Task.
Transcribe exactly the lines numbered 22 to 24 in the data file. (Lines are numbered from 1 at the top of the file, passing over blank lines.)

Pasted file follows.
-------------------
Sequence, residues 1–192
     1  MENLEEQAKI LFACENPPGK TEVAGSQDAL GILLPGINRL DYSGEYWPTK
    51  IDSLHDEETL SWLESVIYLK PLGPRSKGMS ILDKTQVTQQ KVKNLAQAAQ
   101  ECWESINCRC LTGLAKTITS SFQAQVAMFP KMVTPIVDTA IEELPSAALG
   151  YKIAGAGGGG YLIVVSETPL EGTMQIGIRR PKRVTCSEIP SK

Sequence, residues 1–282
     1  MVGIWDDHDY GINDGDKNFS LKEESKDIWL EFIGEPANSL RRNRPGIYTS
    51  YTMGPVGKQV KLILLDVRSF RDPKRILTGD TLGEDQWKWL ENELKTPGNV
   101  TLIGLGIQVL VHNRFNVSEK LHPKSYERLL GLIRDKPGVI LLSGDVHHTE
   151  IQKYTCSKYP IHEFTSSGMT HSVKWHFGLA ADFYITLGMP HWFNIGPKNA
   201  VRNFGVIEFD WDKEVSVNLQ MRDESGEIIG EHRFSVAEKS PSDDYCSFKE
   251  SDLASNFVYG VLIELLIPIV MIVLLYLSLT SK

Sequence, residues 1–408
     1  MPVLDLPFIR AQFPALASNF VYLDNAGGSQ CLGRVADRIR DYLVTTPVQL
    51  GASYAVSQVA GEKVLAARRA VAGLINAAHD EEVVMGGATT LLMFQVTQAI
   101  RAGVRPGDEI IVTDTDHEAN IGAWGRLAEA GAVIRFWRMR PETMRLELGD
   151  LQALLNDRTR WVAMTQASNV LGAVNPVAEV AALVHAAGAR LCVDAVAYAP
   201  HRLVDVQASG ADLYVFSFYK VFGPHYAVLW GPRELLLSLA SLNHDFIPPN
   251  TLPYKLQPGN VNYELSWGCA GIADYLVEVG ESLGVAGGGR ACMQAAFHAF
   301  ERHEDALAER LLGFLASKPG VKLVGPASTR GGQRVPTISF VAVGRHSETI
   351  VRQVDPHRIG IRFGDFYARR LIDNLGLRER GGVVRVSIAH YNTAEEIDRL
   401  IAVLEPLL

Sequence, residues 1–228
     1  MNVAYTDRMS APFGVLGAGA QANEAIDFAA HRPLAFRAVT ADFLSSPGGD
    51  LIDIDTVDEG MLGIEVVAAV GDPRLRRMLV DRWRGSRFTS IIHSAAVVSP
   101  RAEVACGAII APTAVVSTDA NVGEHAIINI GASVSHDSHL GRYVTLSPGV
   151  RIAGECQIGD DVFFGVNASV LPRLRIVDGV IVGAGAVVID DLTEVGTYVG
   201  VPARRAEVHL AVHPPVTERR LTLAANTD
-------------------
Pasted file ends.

   401  IAVLEPLL

Sequence, residues 1–228
     1  MNVAYTDRMS APFGVLGAGA QANEAIDFAA HRPLAFRAVT ADFLSSPGGD